conference are listed among tie 111 repub
lican members of the. assembly! Mr. Waln
wrlght announced hla 'independent candi
dacy some time ago, tout hid not been
pressing It actively. . l-t-
At Albany tonight Assemblyman Wads
worth. Governor Hlgglne' candidate, and
Assemblyman Mcrritt. commofiJ known as
former Governor Odoll'i i candidate, ex
pressed each his confidence it Election
Rlebnrd Washington, of Lexington,
Ky Murdered While Asleep
Wife rhnrgred with Crime.
LEXINGTON. Ky., Dec. 31. Murdered
in his sleep, Richard Washington, a hostler
at the Mansfield stock farm, was found.
totl.iy with his head split open with an
axe. His wife is under arrest charged
with the crime.
The police hurried to the Mansfield place
today !n response to a telephone message
from Washington's wife saying her hus
band had been killed. A bloody axe and
a dress belonging . to the Washington
woman, stained with blood and having
the appearance of having been washed,
were found concealed. ,
She alleges that two white men entered
the house Inst night, each having a club,
and beat Washington into Insensibility.
The detectives have quizzed her relent
lessly nil day, but she adheres to her story
of the killing.
Bird's-Eye View of Omaha
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BEE JUBILEE EDITION tad Elrd's-Eye View of Omaha
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1'rU'e Ilk- per Clip'.
Ordcr them
Exact Instant Flashed to All Parte of
Western EemUphere.
Naval Observatory Tick Oft the
Hoar for Each Time
Belt In the I'nlted
WASHINGTON, Dec. II. Telegraphic
signals announcing the birth of the year
19 were flashed from the naval ob
servatory here tonight through the me
dium of the Western Union and the Postal
Telegraph companies. The signal was
ticked oft at 12, 1, 2 and 3 o'clock, re
spectively, so as to conform to the mid
night hour for eastern, central, Rocky
mountain and Paclflo coast time, re
spectively. The midnight signal waa re
peated to all points readily available by
the telegraph companies throughout the
United States to Honolulu, Guam and
Manila and through Mexico and points
In the West Indies to South America and
to England and France. The midnight sig
nal was also flashed to the wireless tele-
crarh stations with a view of Its com-
rm.nlc.tlon to ships at sea. No attempt
was made, as on previous occasion, of
riroumvent the globe with the flash slg-
uemonsirniiona in ,-iew 10m.
NEW YORK. Jan. 1, 1906. The advent
of the New Tear was the occasion to
night of the usual noisy demonstrations
throughout the city of New Y'ork. The
fact that New Year's eve fell on Sunday
did not dampen the enthusiasm of the tens
of thousands of people who paraded the
streets blowing great tin horns, ringing
b?lls 'of all descriptions and Anally with
the coming of midnight resorting to all
sorts of methods tor the production of
The chimes of old Trinity brought to
lower Broadway and Wull street the great
est throngs of merrymakers. For years
the bells of this historic church have been
rung as the signal of a new year's birth
and the attraction caused an attraction of
being In hearing of their melodious tones
wh"n the taut minute of the old year have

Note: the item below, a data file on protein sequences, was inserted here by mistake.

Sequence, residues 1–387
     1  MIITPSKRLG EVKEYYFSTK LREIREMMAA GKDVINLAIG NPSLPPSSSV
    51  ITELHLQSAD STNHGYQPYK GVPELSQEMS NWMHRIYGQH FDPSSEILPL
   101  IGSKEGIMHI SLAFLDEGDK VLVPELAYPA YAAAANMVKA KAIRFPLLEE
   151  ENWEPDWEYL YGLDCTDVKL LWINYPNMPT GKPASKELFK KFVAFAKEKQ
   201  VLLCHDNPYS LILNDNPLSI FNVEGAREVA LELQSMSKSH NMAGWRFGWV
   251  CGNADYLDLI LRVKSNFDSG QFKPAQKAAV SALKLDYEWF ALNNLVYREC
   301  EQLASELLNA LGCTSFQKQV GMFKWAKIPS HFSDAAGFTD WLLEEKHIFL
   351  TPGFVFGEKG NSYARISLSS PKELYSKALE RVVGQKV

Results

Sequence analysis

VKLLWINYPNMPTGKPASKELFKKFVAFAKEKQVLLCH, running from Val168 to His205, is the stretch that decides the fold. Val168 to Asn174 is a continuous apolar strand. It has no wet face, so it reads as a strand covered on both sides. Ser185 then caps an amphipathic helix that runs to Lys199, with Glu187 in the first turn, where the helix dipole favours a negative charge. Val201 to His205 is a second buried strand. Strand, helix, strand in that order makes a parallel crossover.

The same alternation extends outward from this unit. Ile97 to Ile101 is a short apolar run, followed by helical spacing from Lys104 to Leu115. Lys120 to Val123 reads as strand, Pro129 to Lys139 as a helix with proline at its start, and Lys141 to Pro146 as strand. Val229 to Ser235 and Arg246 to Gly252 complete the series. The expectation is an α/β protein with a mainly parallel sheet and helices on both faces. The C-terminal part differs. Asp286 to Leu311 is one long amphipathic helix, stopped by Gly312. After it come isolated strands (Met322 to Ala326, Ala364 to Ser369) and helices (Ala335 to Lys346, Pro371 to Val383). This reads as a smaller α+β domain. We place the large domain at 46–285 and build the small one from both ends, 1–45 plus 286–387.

slipped away. Great cheers greeted the
ringing of the chimes tonight and later
when the strains of an old-fashioned hymn
were heard many of those ln the crowded
street of the neighborhood uncovered their
heads and joined In Dinging the familiar
In the theater and restaurant district of
upper Broadway the crowds In the streets
at Sunday night concerts and In tho
cafes was the largest In years. In the
uptown streets many merrymakers ln
carnival spirit indulged in confetti battles.
Over Two-Thirds of Menther of 1'nlon
ow Have ' Eight-Hour
, Contract.
CHICAGO, Doc. 31:-Th elghMiour day
was riven a New Year's salutation by 2,600
union printers this afternoon In a demon
st ration lit Brand' hall.
Tuesday, after eighteen weeks of strike,
the eight-hour day will go Into effect ln
approximately three-fourths of the book
and Job printing shops of Chicago. The
large establishments controlled hy the
Typothetae, however, stand solidly for the
order with a nine-hour working day.
Figures were offered to show that out of
3.5(0 members of the union, 2,fX are to
come tinder the eight-hour day.
NEW YORK, Dec. 31. Typographical
union No. 6, one of the largest aggregations
of wage-earning printer In the world, to
day formally declared a strike In all the
book and Job printing offices within Its Jur
isdiction and tomorrow not a line of type
will be set or cast by a union man In any
of the great printing establishments unless
the employers shall agree to make eight
hours the length of the workday and at
the present scale of wages paid for a nine
hour day.
to what Omaha is, covering every phase
of these will be ent to the friends and
and will open the eye of people who know
a the edition will be limited.
Forecast for ehraka -Fair la Fast
Portion Monday.
ew rrtlon-Fl-ht Peres.
1 tttpmst to helre Wltte.
Rlrth of the Xew Year.
Arrests In Stennenhera- Case. '
Foreenst of Week In Conaresa.
31 Xew Home for Lincoln F.I Vs.
I tvMlna- Fls-ht at Orand Island.
Brit lit Year for Wynmlnar.
Criticism of rrr York State Rank
4 Musical llapnenlnaa Dnrlnn- Year.
B Omaha Bowlers Tie Chicago Team.
Echoes of Trln to Coast.
At the Theaters.
A Old Year I Honored.
T Council BlnfTa and Iowa Xew.